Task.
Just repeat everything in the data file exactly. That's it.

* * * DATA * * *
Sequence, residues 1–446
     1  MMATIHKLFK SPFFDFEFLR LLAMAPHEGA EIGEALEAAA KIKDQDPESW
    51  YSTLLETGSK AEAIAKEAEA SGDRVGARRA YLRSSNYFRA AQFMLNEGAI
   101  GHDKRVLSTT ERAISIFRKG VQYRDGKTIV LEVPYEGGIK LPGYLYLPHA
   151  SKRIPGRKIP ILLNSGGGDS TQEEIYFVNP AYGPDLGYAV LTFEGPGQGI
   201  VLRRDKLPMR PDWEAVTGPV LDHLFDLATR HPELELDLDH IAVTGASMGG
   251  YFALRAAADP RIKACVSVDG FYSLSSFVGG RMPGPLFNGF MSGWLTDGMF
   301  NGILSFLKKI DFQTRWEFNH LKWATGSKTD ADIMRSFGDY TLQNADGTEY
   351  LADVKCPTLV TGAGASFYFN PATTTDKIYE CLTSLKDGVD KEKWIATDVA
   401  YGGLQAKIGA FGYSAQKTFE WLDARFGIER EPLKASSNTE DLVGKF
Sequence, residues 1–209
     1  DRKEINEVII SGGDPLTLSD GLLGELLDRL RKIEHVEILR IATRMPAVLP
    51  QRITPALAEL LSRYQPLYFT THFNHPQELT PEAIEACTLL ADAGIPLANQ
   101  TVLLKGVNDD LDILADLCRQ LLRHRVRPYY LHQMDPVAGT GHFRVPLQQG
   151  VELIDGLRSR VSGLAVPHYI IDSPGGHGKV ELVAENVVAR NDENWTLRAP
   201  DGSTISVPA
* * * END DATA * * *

Sequence, residues 1–446
     1  MMATIHKLFK SPFFDFEFLR LLAMAPHEGA EIGEALEAAA KIKDQDPESW
    51  YSTLLETGSK AEAIAKEAEA SGDRVGARRA YLRSSNYFRA AQFMLNEGAI
   101  GHDKRVLSTT ERAISIFRKG VQYRDGKTIV LEVPYEGGIK LPGYLYLPHA
   151  SKRIPGRKIP ILLNSGGGDS TQEEIYFVNP AYGPDLGYAV LTFEGPGQGI
   201  VLRRDKLPMR PDWEAVTGPV LDHLFDLATR HPELELDLDH IAVTGASMGG
   251  YFALRAAADP RIKACVSVDG FYSLSSFVGG RMPGPLFNGF MSGWLTDGMF
   301  NGILSFLKKI DFQTRWEFNH LKWATGSKTD ADIMRSFGDY TLQNADGTEY
   351  LADVKCPTLV TGAGASFYFN PATTTDKIYE CLTSLKDGVD KEKWIATDVA
   401  YGGLQAKIGA FGYSAQKTFE WLDARFGIER EPLKASSNTE DLVGKF
Sequence, residues 1–209
     1  DRKEINEVII SGGDPLTLSD GLLGELLDRL RKIEHVEILR IATRMPAVLP
    51  QRITPALAEL LSRYQPLYFT THFNHPQELT PEAIEACTLL ADAGIPLANQ
   101  TVLLKGVNDD LDILADLCRQ LLRHRVRPYY LHQMDPVAGT GHFRVPLQQG
   151  VELIDGLRSR VSGLAVPHYI IDSPGGHGKV ELVAENVVAR NDENWTLRAP
   201  DGSTISVPA